Another pleasant improvement in the 2015.12 draft relates to damages. Punitive damage of up to three times for wilful infringement are introduced in the amendment of the Patent Law. Statutory compensation is significantly increased from Rmb10,000 to Rmb 1 million up to Rmb100,000 to Rmb 5 million (Article 68 of 2015.12 draft), although the lower limit Rmb100,000 is not meant to be a requirement. Considering that in practice the statutory compensation is adopted by a court in most patent infringement cases, the change on statutory compensation may be good news for patentees.
At the same time, some small medium enterprises raise a concern that a statutory damage of Rmb100,000 may be burdensome and even unfair if the scale of infringement is small.
Similar to what we have seen in the China Trademark Law, the proposed amendment also sets a mechanism regarding the burden of proof. After the infringement is concluded, if the patentee tries its best to collect evidence on damages, a court may shift the burden of proof to the infringer to provide evidence such as account books (Article 68 of 2015.12 draft).
SIPO also makes an encouraging change to the idea of the indirect infringement liability in the patent law. This was dropped in 2008 when China amended its patent law. SIPO seems to intend to change this through the new draft. In the 2015.12 draft, any one who knowingly provides raw materials, intermediaries, components or equipment that is specifically designed for infringing a patent, shall bear joint and several liability with an infringer. Besides, anyone inducing others to infringe a patent shall bear joint and several liability with an infringer (Article 62 of 2015.12 draft). This provision expands the scope of indirect infringement and may provide broader protection to patent holders.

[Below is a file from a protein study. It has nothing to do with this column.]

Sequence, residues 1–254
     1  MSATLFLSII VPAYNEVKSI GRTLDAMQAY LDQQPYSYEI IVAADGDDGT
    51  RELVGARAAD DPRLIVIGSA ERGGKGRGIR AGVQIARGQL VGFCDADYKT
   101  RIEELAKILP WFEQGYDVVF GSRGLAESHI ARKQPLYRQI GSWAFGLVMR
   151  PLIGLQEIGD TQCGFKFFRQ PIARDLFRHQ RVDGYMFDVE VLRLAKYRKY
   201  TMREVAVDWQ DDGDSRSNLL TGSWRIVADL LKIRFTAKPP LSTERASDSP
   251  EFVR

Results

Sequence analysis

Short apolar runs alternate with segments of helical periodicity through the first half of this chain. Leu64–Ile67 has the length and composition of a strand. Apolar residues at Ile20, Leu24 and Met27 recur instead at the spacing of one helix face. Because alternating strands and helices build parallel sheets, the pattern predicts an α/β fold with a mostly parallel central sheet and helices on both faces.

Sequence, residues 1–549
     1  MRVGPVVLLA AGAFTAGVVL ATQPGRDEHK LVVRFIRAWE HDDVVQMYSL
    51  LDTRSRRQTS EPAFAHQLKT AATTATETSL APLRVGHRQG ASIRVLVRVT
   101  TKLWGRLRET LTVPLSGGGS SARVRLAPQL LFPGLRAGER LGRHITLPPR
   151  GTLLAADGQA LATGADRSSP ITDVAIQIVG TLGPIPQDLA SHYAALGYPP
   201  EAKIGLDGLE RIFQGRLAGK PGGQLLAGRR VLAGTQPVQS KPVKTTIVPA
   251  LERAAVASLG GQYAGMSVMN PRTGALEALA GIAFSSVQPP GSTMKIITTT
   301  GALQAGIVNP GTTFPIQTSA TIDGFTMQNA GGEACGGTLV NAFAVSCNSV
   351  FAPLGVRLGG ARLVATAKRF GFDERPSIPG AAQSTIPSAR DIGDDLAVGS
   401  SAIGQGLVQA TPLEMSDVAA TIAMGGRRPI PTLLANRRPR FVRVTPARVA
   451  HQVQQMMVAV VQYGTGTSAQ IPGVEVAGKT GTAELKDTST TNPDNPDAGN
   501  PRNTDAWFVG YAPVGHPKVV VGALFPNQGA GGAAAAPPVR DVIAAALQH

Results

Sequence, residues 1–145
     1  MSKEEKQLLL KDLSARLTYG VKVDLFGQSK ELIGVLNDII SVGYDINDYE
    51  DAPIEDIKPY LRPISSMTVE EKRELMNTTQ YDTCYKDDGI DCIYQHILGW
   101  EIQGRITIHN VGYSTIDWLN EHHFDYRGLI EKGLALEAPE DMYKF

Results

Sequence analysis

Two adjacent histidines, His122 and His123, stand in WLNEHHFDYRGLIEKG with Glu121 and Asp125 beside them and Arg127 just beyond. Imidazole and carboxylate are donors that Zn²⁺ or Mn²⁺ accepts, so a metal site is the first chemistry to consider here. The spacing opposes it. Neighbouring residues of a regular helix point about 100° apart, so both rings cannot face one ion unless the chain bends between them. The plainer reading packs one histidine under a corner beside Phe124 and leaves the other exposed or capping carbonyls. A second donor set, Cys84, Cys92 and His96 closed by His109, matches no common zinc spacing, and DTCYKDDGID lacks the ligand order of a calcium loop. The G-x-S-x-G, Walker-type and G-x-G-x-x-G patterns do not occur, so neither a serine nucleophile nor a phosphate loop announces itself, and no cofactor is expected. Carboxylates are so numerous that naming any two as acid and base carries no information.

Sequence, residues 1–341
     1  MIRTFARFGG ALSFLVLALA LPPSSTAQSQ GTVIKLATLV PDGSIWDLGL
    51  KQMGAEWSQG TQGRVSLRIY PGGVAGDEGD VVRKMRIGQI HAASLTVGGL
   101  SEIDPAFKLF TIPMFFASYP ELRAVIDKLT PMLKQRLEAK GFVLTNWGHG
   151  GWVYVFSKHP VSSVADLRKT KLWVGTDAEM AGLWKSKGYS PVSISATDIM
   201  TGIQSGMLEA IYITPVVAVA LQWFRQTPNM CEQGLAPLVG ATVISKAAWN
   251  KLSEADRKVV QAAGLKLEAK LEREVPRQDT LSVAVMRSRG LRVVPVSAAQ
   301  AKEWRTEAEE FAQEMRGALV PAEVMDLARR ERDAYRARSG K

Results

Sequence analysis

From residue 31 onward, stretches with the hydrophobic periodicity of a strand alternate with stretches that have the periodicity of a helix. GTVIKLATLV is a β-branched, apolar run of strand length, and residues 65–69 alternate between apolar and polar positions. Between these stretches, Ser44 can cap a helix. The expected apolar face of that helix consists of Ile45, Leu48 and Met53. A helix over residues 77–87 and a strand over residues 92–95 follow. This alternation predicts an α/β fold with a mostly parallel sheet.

A related rule is for online infringement. To combat online patent infringement, the SIPO now proposes that if an internet service provider knows or should know an infringer uses its internet service for patent infringement, but does not timely take any action to stop the infringement, the internet service provider shall bear joint and several liability with the infringer (Article 63 of 2015.12 draft). Similar rules often appear in the copyright law sector. It is a bit surprising that the SIPO wishes to impose contributory liability in the online space in the patent law. We expect some debate will take place.
The 2015.04 draft further regulates standard essential patents (SEPs). For example, if a SEP fails to be disclosed by a patentee during its participation in a national standard formation, that SEP shall be deemed to be licensed to a standard implementer. Both parties could negotiate a royalty afterwards. If the negotiation fails, the parties may request the SIPO to make a determination.
Industry players, patent practitioners and academics should follow the developments closely to make substantial improvements to China's innovation ecosystem.
|Li Binxin||Wang Ying|